Although the entire film’s been leading up to it, and it’s the key moment of narrative reversal we’ve been waiting for, the climax fails to pay-off in several ways. The audience has been trying to figure out how our hero’s going to sort out the bad guys, and clean-up the town of Bottleneck, without resorting to lawless violence, himself. Well, the answer is that he doesn’t. Instead, he quite understandably snaps. He simply straps on his six-shooters and sets out for vengeance.

From that point on, the finale seems to come out of nowhere and rushes to its conclusion. The brave feminist subtext suddenly erupts into an incongruous showdown of women armed with hoes and rolling pins against the gun-toting men. The death of one of the main characters is a catalyst that instantly sorts out which side everyone’s on… and it all ends with a bang. Literally. There’s tragedy and deserved retribution. Then a little light relief as a sort of palette cleanser and …well, that’s that.

With a budget of around $700,000, it wasn’t a cheap film for the day but quickly earned it back, grossing $1.6M at the box office. Sequels were discussed but never made, though George Marshall directed a remake, starring Audie Murphy as Destry (1954). There was a successful Broadway musical based on the film, too, with music and lyrics by Harold Rome, starring Andy Griffith and Delores Gray as Frenchy. Again, it was the Felix Jackson film script, not the original novel, that inspired the ABC television series, Destry (1964), with John Gavin playing Tom Destry III, the son of Stewart’s version.

The film’s influence can be seen throughout many Westerns that followed. There’s more than a trace of the story in High Noon (1952) but its legacy is most obvious in comedies such as The Pale Face (1948) starring Bob Hope, and Support Your Local Sheriff! (1969) with James Garner.

Most of all, the Mel Brooks classic, Blazing Saddles (1974), could almost be a loose remake! The arrival of the sheriff, as he nears the town of Rock Ridge, is a close quote of the similar sequence as Destry arrives in Bottleneck. The chaotic finale that breaks down reality, though ridiculously over the top, could be read as a post-modern reworking of the Destry finale!

I must admit, Blazing Saddles is by far the funnier film… but, alas, it doesn’t have James Stewart in one of his defining roles.

USA | 1939 | 95 MINUTES | 1.35:1 | BLACK & WHITE | ENGLISH

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Blu-ray Special Features:

  • New 4K digital restoration by Universal Pictures in collaboration with The Film Foundation, with an uncompressed monaural soundtrack on the Blu-ray. The restoration work is exceptional and showcases the visual pleasure to be had from the cinematography of Hal Mohr. Unfortunately, there’s no full-length audio commentary, which would’ve been great, but there are a couple of extras that pretty much do the same job…
  • New 17-minute interview with critic Imogen Sara Smith. Smith makes no secret of being a huge fan of the film, citing it as “probably the greatest comedy western of all time” and going on to place it in a broader historical context. She discusses the feminist aspects of women standing up against male dominance and looks at the representation of immigrants as a reflection of real-world Hollywood at that time. There’s plenty of background information about the key cast and crew.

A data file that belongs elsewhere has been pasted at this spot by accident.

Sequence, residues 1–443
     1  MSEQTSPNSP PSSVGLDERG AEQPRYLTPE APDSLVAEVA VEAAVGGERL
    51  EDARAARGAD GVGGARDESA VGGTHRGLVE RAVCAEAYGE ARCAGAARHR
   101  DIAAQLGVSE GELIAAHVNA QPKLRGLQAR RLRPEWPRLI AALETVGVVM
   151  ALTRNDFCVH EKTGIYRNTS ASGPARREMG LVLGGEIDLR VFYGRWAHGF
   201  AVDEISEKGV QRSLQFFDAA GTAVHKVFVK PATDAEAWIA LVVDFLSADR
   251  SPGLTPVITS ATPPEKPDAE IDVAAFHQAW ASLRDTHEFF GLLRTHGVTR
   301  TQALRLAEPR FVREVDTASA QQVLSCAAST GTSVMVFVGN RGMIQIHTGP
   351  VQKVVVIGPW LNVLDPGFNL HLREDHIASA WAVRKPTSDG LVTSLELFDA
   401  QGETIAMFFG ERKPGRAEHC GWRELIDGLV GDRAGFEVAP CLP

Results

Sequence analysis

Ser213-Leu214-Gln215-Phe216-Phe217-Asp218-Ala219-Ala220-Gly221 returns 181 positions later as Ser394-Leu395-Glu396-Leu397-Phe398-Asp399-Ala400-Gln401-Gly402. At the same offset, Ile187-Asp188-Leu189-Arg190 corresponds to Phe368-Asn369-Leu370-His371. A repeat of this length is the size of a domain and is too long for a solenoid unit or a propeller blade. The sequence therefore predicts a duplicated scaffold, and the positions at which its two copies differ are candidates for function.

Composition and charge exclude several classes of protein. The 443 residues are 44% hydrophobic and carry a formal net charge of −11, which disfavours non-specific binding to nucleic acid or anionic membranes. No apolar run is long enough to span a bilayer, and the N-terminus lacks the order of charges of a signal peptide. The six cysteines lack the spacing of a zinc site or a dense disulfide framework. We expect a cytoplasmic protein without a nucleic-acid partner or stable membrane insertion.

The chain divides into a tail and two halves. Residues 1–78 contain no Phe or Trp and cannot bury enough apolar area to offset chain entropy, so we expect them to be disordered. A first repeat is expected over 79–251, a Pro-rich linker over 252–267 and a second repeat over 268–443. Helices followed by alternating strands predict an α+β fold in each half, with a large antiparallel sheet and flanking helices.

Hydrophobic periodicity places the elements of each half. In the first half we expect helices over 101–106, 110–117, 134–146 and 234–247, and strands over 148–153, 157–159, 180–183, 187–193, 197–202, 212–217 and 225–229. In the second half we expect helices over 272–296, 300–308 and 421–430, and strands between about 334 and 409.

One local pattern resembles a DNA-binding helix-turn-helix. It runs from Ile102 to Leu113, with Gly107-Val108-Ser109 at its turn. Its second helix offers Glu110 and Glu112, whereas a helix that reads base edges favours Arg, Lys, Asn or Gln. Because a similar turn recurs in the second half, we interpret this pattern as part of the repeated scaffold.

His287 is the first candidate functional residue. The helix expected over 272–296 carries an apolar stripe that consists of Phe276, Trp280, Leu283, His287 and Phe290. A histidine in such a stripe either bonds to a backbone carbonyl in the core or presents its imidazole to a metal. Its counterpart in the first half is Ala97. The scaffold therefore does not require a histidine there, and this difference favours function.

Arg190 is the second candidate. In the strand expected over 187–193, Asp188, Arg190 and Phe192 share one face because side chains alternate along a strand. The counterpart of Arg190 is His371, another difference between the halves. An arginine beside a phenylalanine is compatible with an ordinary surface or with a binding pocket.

• New 20-minute interview with Donald Dewey, author of James Stewart: A Biography. This is a great extra for those who don’t already know much about James Stewart’s off-screen life. He gives us a clear and authoritative biography of Stewart who came from modest beginnings and worked at his father’s General Store in Indiana. His parents were supportive and actively encouraged his imagination but it wasn’t until he left home to study architecture at Princeton University that he joined the drama society there and found his love of acting. Dewey talks us through his early career, his various romances and affairs up until his role as Destry. Then we learn how Stewart was changed by the war, during which he piloted more than 25 bombing missions over Germany and at one time commanded 1,000 planes. He compares the post- and pre-War James Stewart and how his range grew even broader and deeper after his military service. He discusses the differences between the super-tough Stewart of Anthony Mann’s westerns and the often cool and clinical Stewart of Hitchcock thrillers. He points out that he often took roles than other Hollywood A-listers were too afraid to tackle and briefly discusses how he brought several facets of his talent to the fore in the lead role of Paul Biegler for the true-crime drama, Anatomy of a Murder (1959).
  • New 20-minute video essay featuring excerpts from a 1973 oral-history interview with director George Marshall, conducted by the American Film Institute. A comprehensive run-down of Marshall’s career from the early days as assistant director of several studio serials, to his first feature, The Diamond from the Sky (1915) and his rise to becoming a hard-working and versatile director with a career that spanned six decades. The audio-only interview is illustrated with some rare archival stills.
  • Lux Radio Theatre adaptation of the film from 1945, featuring actors James Stewart and Joan Blondell. This is a really great radio play with plenty of specially written dialogue that actually helps to make sense of several character interactions that are merely hinted at in the film. I found much of this drama more emotionally engaging than the film itself and if you’re a fan of the film, you really need to give this 54-minute extra a listen, perhaps several.
  • PLUS: An essay by critic Farran Smith Nehme. Not available at time of review.
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Cast & Crew

director: George Marshall.
writer: Felix Jackson (based on the novel by Max Brand).
starring: Marlene Dietrich, James Stewart, Charles Winninger, Brian Donlevy, Mischa Auer, Una Merkel, Allen Jenkins, Warren Hymer & Irene Hervey.

Written By